My first pick for Vintage SciFi Month this year is Dinosaur Planet by Anne McCaffrey, published in 1978. I found it in the motherload of old sff books that I received from one of our patrons last year (more about this glorious hoard to come shortly, stay tuned), and I chose it primarily for it’s fabulous cover art by Tim White. That and the fact that Anne McCaffrey was once one of my favourite authors, so I thought I’d drop by.
There is, unfortunately, a very good reason why you shouldn’t revisit authors, books, tv shows and movies that you adored when you were very young. There’s probably an equation out there that covers this elegantly, but it seems that the further you have travelled in time from the subject of your youthful idolisation the greater the disappointment when you revisit.
Pern was one of my first loves and I had a lot of admiration for Anne McCaffrey when I was a young teen. I remember reading (I think in an introduction to one of her short story collections) that she’d had big difficulties writing Dragonquest and I remember being hugely struck by the idea that writers had to work at their writing. That she’d persisted even after being told to burn her first draft was, to my young mind, massively heroic. I still have copies of Dragonsong and Dragonsinger on my shelves (Menolly was awesome – I hope she still is) in memory of my Pern Passion, although I haven’t read either in decades.
I wonder if Dinosaur Planet was an earlier piece of writing that McCaffrey revisited after her eventual success with the Pern books. It definitely feels like an earlier work, and there’s quite a marked difference between the first and second halves of the story, as if the author changed her mind about how the book should go when she picked it back up. The beginning is quite dry and info-dumpy and the dialogue clunky. Then at about the halfway point, things get a lot more action-focused and it reads a lot smoother.
The plot isn’t exactly hefty. The basic gist is: an exploratory group are dropped off on the planet Ireta to assess its resources, and then lose contact with their mothership, ostensibly because of a cosmic storm. A member of the group starts the rumour that they’ve been abandoned, despite evidence to the contrary. The group splits in two – partly because of this rumour and partly because of cultural differences – and the “heavy-worlder” group tries to kill the “light weights”. The “light weights” escape and hide, and the book ends with them entering cryosleep to conserve their food and water and await rescue.
While it’s signposted (in giant neon lettering) from the beginning, the group splitting into the “heavy-worlders” (people who were born and raised on heavy gravity planets and are therefore more muscular) and the “light weights” (born on regular gravity planets or ship-born) was … interesting … because of the reasons behind it. Everyone in the exploration team is a human member of the Federated Sentient Planets, heavy-worlder and light weight alike, and therefore vegetarian, because that’s a part of being ‘civilised’ in this future. But the heavy-worlders (described with massively biased language from the start), employed for their strength and stamina, become over-stimulated when they witness one dinosaur hunting and eating another, and start sneaking off to do the same, (it’s heavily hinted that they’re have sexy times too). The light weights are horrified to discover that the heavy-worlders have reverted to eating meat and the situation quickly collapses into a them versus us situation.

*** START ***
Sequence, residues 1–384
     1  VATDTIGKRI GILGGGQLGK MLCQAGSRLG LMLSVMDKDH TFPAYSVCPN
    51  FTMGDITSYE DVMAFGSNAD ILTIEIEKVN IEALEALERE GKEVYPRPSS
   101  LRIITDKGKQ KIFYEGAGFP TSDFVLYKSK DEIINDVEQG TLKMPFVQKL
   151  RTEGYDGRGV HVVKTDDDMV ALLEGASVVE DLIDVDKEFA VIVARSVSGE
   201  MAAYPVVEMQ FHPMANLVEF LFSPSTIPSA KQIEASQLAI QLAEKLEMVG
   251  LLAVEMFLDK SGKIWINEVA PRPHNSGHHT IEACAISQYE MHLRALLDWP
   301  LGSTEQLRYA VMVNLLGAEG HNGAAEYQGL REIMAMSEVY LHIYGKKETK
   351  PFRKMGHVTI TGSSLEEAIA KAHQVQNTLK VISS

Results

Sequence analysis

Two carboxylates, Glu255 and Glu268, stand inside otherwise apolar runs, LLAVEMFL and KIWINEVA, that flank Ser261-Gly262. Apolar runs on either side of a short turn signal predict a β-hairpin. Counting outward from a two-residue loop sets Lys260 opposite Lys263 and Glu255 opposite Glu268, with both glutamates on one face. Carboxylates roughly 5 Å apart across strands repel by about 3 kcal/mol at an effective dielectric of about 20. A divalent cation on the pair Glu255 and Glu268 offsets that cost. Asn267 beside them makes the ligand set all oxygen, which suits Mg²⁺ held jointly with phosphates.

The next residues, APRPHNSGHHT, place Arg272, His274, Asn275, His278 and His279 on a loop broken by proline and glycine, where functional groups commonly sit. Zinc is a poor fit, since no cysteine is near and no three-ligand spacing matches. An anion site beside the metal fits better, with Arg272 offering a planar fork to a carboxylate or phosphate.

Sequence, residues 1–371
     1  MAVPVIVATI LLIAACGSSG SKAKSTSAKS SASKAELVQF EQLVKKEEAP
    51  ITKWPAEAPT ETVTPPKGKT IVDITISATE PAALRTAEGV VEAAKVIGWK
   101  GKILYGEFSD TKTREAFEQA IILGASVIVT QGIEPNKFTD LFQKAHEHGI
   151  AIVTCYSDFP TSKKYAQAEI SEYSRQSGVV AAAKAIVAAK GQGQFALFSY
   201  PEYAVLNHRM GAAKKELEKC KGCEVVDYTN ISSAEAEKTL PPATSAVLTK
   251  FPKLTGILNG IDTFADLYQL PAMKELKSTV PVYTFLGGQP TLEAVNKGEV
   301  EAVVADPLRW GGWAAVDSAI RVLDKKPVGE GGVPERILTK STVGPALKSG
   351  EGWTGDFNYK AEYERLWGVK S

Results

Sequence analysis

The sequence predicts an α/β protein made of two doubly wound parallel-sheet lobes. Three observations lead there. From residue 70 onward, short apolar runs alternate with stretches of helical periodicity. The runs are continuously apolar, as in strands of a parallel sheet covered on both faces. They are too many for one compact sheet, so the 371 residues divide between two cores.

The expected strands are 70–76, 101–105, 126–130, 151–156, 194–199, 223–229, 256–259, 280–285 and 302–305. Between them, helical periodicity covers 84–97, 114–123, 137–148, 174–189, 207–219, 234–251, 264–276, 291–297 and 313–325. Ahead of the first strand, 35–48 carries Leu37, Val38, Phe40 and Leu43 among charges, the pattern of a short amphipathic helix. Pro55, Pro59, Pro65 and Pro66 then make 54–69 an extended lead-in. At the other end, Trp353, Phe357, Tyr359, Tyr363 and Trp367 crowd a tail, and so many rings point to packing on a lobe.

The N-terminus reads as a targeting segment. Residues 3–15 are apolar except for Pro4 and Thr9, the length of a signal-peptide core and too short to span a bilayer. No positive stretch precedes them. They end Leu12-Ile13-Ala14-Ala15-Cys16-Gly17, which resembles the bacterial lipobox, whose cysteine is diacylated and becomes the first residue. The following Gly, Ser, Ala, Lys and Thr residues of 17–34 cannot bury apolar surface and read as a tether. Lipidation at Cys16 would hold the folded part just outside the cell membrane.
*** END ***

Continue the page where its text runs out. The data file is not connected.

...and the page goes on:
At no point is this appetite for flesh seen as a cultural thing to be understood or respected. Instead, eating meat = violence and indifference and is therefore Bad. And the inherent racism in all the talk about the heavy-worlders is at odds with the ‘civilised’ future in which alien races such as the rock-like Theks and the avian Ryxi are also embraced by the Federation despite communication difficulties and differing cultural practices. For example, the Ryxi practice a mating ritual in which males compete for a female and the successful male kills his rival(s), yet no-one gets uppity about that. Which leads me to conclude that the heavy-worlders eating meat is only objectionable because either (a) they are human and humans are supposed to be above that now; or (b) because McCaffrey says so. (I suspect the latter).
But what’s this all got to do with dinosaurs, I hear you cry?
Blowed if I know. I was hoping for a prehistoric romp, with a couple of meaningful up-close-and-personal encounters à la Jurassic Park (film not book). I still haven’t found the words to categorise what it is I’ve just read, but it wasn’t that. If it hadn’t been for the “golden fliers” (Pteranodons to you and me) I’d have felt completely cheated. I enjoyed most the bits in which the team observed the behaviour of the golden fliers and witnessed them solving problems, using tools, working together and adapting to their environment. It didn’t seem to serve any particular purpose in the story, but it was pretty cool nonetheless.
And because of them I want to know what happens in the second part, Dinosaur Planet: Survivors. (If I’d know that this was only the first half of a duo, I wouldn’t have read it, but now that I have, I need to know how it all ends). How long will the light weights be in cryosleep for? Will the golden fliers have a fully-fledged culture and society by the time the humans wake up? (Am I expecting too much? Most likely). What will have happened to the heavy-worlders? Will they still perceive the light weights as a threat? Will the Theks come to the rescue or not? And how did the dinosaurs end up on Ireta in the first place?
I don’t recommend Dinosaur Planet as any kind of introduction to McCaffrey’s work, or as a good read. Honestly, let me have done the leg work so you don’t have to. Find something awesome and tell me about it and I’ll consider myself well-paid.